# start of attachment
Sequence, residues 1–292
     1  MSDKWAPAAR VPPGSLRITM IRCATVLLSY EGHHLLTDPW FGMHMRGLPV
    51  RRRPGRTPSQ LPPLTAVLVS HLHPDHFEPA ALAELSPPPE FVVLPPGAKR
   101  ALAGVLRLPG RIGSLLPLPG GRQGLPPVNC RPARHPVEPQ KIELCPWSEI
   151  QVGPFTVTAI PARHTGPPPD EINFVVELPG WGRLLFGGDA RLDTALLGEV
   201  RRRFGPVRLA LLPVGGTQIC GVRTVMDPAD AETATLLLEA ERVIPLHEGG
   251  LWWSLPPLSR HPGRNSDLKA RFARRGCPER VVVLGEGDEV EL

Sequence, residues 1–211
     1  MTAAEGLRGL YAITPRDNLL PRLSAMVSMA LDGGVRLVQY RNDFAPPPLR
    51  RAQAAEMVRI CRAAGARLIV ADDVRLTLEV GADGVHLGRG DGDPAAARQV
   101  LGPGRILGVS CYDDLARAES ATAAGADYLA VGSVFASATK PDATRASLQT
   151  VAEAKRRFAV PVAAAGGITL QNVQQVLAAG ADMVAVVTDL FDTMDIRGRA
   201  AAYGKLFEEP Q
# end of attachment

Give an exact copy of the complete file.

Sequence, residues 1–292
     1  MSDKWAPAAR VPPGSLRITM IRCATVLLSY EGHHLLTDPW FGMHMRGLPV
    51  RRRPGRTPSQ LPPLTAVLVS HLHPDHFEPA ALAELSPPPE FVVLPPGAKR
   101  ALAGVLRLPG RIGSLLPLPG GRQGLPPVNC RPARHPVEPQ KIELCPWSEI
   151  QVGPFTVTAI PARHTGPPPD EINFVVELPG WGRLLFGGDA RLDTALLGEV
   201  RRRFGPVRLA LLPVGGTQIC GVRTVMDPAD AETATLLLEA ERVIPLHEGG
   251  LWWSLPPLSR HPGRNSDLKA RFARRGCPER VVVLGEGDEV EL

Sequence, residues 1–211
     1  MTAAEGLRGL YAITPRDNLL PRLSAMVSMA LDGGVRLVQY RNDFAPPPLR
    51  RAQAAEMVRI CRAAGARLIV ADDVRLTLEV GADGVHLGRG DGDPAAARQV
   101  LGPGRILGVS CYDDLARAES ATAAGADYLA VGSVFASATK PDATRASLQT
   151  VAEAKRRFAV PVAAAGGITL QNVQQVLAAG ADMVAVVTDL FDTMDIRGRA
   201  AAYGKLFEEP Q